ERIC Number: ED308145
Record Type: RIE
Publication Date: 1989-Mar
Reference Count: N/A
Predictors of Beginning Teacher Burnout.
This study explored the elements in the school environment which predict beginning teachers' burnout at the end of the first year of teaching. Two surveys were administered to 45 first-year teachers, one in the fall semester and the other several weeks before the end of the school year. The surveys queried the teachers about their current working environment and their feelings associated with burnout. Factors measured were: (1) role overload; (2) instructional rewards; (3) job design; (4) role ambiguity; (5) classroom environment; (6) goal clarity; and (7) frequency of interaction with other teachers and administrators. Findings indicated that rewards obtained from student progress, and teacher and administrator recognition were the only factors determined to have a significant influence as predictors of end-of-the-year burnout. It was also found that high levels of skill variety in the job did not contribute to less teacher burnout in this sample. It is concluded that providing positive recognition and adequate time for planning and instruction, as well as reducing class size, may reduce beginning teachers' burnout and attrition. (JD)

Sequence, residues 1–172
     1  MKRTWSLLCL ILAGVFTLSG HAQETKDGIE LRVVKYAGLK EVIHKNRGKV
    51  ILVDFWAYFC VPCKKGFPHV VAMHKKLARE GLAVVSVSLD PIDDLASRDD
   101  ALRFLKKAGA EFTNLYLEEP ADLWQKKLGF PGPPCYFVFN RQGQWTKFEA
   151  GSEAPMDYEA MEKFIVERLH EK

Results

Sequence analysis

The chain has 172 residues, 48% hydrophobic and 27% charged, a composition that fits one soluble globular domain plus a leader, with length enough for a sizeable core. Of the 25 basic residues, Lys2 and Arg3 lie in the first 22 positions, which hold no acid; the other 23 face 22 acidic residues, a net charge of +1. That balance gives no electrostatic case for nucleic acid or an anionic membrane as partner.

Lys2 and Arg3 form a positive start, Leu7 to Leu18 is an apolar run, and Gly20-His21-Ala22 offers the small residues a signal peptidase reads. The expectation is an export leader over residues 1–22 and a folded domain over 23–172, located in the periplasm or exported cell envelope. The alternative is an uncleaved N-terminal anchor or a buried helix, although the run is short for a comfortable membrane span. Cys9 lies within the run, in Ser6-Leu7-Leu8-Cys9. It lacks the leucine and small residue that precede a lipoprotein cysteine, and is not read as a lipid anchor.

Publication Type: Speeches/Meeting Papers; Reports - Research
Education Level: N/A
Authoring Institution: N/A
Note: Paper presented at the Annual Meeting of the American Educational Research Association (San Francisco, CA, March 27-31, 1989).